On losing a close friend

Dear god-daughter,

I have followed your Twitter and Facebook posts about losing your close friend. I could not possibly have fit this in the 140-character Twitter limit, and despite the 60,000+ character Facebook post limit, Facebook may arbitrarily restrict or bury the post, so this medium will have to do. You were very special to Lucy and you are still very special to me. I hope you find some comfort in these words and please remember that you have friends and family who deeply care about you. It has been hard to find the right words since this is an experience I know all too well.

A close friend is someone who can make you laugh with just a single word or a knowing look, who says the right things to comfort you when the universe is sending you tests rather than gifts, is someone you trust unconditionally, has unquestionably accepted you as you are, is someone who would help you in any way possible and wants nothing in return, and is someone who you can think about and your day immediately brightens. There are over seven billion people on this rotating rock, but only a very tiny number become your close friends.

There are different types of love. Family loves you because of a couple of billion years of genetic conditioning to protect others sharing common mitochondrial DNA. It is a very powerful and wonderful love, despite my clinical description and the occasional bickering and quarreling of course, but you are born into it. Family wants what is best for you even if it does not seem that way.

Close friends are a special kind of love. A close friend is someone you chose and who has chosen you. It is a very pure form of love. When Lucy died, I lost my closest friend and I still miss her with every breath I draw and every beat of my heart. My other close friends have been so supportive of me and they have helped me with my healing process. There will never be another Lucy, but my close friends help me to celebrate what I had with her rather than mourn what I have lost with her passing. Your mom is one of those people and I am deeply grateful for her support. I have another close friend who calls me nearly every night so we can share how our respective days went. It may sound mundane, but it means the world to me because it means someone chooses to share that time with me.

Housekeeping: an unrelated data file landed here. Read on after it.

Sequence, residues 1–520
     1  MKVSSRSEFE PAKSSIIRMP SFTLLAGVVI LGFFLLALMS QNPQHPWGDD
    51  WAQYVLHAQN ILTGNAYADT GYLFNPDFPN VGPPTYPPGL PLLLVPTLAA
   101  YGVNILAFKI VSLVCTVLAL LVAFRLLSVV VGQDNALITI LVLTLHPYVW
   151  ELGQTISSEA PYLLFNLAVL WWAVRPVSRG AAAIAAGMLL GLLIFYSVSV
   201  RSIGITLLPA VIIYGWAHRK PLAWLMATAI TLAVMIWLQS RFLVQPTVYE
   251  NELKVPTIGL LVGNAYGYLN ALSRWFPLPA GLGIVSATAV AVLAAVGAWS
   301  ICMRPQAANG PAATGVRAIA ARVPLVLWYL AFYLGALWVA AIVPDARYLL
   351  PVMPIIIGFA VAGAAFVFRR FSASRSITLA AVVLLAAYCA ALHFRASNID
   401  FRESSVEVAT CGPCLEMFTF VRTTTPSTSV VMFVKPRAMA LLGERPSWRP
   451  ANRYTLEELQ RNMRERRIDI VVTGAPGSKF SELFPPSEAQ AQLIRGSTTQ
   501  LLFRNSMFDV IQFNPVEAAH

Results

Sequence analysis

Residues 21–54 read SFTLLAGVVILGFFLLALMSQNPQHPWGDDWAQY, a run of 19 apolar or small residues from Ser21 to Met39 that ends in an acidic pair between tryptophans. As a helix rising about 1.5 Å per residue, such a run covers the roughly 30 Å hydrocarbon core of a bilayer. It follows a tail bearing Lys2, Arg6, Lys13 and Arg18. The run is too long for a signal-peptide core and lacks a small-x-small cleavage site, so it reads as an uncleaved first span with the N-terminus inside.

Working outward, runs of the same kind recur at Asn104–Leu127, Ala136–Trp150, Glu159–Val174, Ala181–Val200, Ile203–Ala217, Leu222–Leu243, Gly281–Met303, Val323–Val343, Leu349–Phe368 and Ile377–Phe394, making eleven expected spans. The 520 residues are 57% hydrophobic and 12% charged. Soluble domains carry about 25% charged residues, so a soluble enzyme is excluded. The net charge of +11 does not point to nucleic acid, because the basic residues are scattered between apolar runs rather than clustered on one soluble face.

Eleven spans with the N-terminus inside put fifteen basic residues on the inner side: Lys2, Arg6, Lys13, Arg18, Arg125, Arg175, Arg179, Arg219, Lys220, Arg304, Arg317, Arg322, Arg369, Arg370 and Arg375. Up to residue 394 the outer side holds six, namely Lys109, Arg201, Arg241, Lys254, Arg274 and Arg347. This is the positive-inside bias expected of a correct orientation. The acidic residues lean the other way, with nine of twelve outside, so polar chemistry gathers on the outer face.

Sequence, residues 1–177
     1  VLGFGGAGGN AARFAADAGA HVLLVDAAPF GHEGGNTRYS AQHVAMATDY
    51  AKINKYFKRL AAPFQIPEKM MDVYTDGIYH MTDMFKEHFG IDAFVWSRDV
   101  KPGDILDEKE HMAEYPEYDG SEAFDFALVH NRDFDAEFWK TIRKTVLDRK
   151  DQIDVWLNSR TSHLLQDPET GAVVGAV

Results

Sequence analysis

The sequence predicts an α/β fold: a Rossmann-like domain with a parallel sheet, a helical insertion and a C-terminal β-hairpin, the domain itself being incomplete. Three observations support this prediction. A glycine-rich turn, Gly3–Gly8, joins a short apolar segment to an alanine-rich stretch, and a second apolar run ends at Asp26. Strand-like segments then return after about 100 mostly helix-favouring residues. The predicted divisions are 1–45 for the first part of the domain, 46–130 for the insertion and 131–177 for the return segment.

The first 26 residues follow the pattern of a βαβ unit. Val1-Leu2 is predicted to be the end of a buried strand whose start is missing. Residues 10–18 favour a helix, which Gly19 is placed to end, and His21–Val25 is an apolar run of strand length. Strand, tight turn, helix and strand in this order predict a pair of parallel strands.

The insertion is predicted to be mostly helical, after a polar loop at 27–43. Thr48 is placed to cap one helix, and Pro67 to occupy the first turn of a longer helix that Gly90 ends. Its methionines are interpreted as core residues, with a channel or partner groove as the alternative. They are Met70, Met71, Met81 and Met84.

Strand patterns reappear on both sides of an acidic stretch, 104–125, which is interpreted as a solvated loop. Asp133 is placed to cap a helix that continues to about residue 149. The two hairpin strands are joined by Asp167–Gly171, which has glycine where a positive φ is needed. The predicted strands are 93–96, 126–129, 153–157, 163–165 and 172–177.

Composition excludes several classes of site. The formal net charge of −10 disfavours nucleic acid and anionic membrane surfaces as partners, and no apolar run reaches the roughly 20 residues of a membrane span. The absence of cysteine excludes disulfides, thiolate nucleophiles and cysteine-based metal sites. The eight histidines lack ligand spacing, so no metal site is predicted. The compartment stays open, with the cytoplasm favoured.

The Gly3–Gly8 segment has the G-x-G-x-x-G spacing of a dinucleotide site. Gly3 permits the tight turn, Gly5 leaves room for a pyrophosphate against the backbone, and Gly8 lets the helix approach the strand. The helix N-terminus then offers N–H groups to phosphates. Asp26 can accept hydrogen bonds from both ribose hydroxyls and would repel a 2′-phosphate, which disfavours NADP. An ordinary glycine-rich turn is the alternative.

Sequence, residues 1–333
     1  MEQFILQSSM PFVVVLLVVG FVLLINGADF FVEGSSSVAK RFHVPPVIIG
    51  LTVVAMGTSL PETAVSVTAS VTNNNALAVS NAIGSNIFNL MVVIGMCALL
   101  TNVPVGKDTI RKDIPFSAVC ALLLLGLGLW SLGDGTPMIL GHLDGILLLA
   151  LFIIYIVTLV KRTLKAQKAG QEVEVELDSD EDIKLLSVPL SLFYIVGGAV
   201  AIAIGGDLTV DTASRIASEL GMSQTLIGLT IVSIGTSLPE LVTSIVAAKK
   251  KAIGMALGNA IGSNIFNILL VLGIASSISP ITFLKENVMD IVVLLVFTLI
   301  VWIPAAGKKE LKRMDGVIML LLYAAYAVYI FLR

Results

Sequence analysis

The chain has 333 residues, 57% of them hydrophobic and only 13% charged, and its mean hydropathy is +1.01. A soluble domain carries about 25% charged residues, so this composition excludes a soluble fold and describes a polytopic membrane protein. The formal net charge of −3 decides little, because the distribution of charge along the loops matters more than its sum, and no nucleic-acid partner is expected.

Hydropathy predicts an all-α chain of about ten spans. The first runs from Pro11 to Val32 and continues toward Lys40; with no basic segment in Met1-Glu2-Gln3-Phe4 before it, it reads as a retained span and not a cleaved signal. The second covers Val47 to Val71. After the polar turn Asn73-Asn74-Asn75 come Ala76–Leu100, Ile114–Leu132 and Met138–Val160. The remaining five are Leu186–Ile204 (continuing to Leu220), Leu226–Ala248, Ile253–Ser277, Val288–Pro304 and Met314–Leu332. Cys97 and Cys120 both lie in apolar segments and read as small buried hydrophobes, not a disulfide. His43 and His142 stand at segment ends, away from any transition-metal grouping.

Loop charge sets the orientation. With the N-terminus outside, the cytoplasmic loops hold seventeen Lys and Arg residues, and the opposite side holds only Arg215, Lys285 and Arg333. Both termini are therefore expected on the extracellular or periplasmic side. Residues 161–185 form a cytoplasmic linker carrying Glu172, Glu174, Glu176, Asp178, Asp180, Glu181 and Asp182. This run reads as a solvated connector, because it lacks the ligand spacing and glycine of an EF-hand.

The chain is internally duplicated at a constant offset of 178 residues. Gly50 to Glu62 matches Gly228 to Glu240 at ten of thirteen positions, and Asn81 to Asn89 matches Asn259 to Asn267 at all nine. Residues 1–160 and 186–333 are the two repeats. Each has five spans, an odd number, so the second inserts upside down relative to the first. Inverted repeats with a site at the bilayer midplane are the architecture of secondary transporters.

It is OK to question your belief system. It is never fair when good people pass on while evil people go on living. Philosophers and theologians have tried solving that riddle since the beginning of recorded history and no one can adequately explain why. The hardest part is we want answers and there is no answer. “Everything happens for a reason” is true, but as an example, did Lucy deserve to fight a cancer battle? Did your friend deserve a stroke? What was the reason for either of those? The belief system that you may or may not question is the belief system that will eventually help you heal.

One of the books I read in Psychology 101 was Dr. Elizabeth Kubler-Ross’s “On Death and Dying”. Profound loss has five stages, Denial, Anger, Bargaining, Depression and Acceptance (DABDA). These five stages are not linear, are not on a time line and are quite interchangeable. One part of acceptance is no longer questioning why because we will never know. Your inner strength, belief system, family and friends all will help you.

Take your time to properly grieve, because as the grief leaves your soul, the happy memories flow in to fill the void. This is the other part of acceptance. I can talk about the fun things Lucy and I did without tearing up and feeling empty and alone, though it seems to make people a bit uncomfortable. Every person is unique, so there is not established schedule or protocol for grieving. People mean well but may sometimes say things that upset you because they do not understand how you are feeling; you may not understand how you are feeling. People are fallible and most people have good intentions at heart. You may think they are trying to smother you, but they are not. Forgive them when they falter and appreciate their concern and compassion. As part of your healing, you might cry one minute and laugh in the next one; sometimes you’ll do both at once. Certain songs or objects may cause a sudden crying spell. Let the tears flow because they will wash out the hurting and clean out the filter between the conscious and subconscious mind.

Humans long for a sense of connection with our lost loved ones. The truth is your friend is still part of you and lives on in you. A wise and wonderful close friend reminds me of that fact when I occasionally forget. Honor your friend’s memory by being the best person you can, the person that your friend knew and loved. Just because you stop crying does not mean you have stopped loving or missing your friend. The wonderful memories are too powerful to stay suppressed and will eventually erode the walls of pain and loss. No one will ever take the place of your friend because each of us is unique and each of us is irreplaceable. Cherish that uniqueness and treasure your good times together.

I am deeply sorry for your loss but I am overjoyed for the time you two were in each other’s lives. I’m here if you need to talk and I do miss you. I hope you find something to smile about today and in the upcoming days ahead.

I love you, sweetie,
Your god-father.

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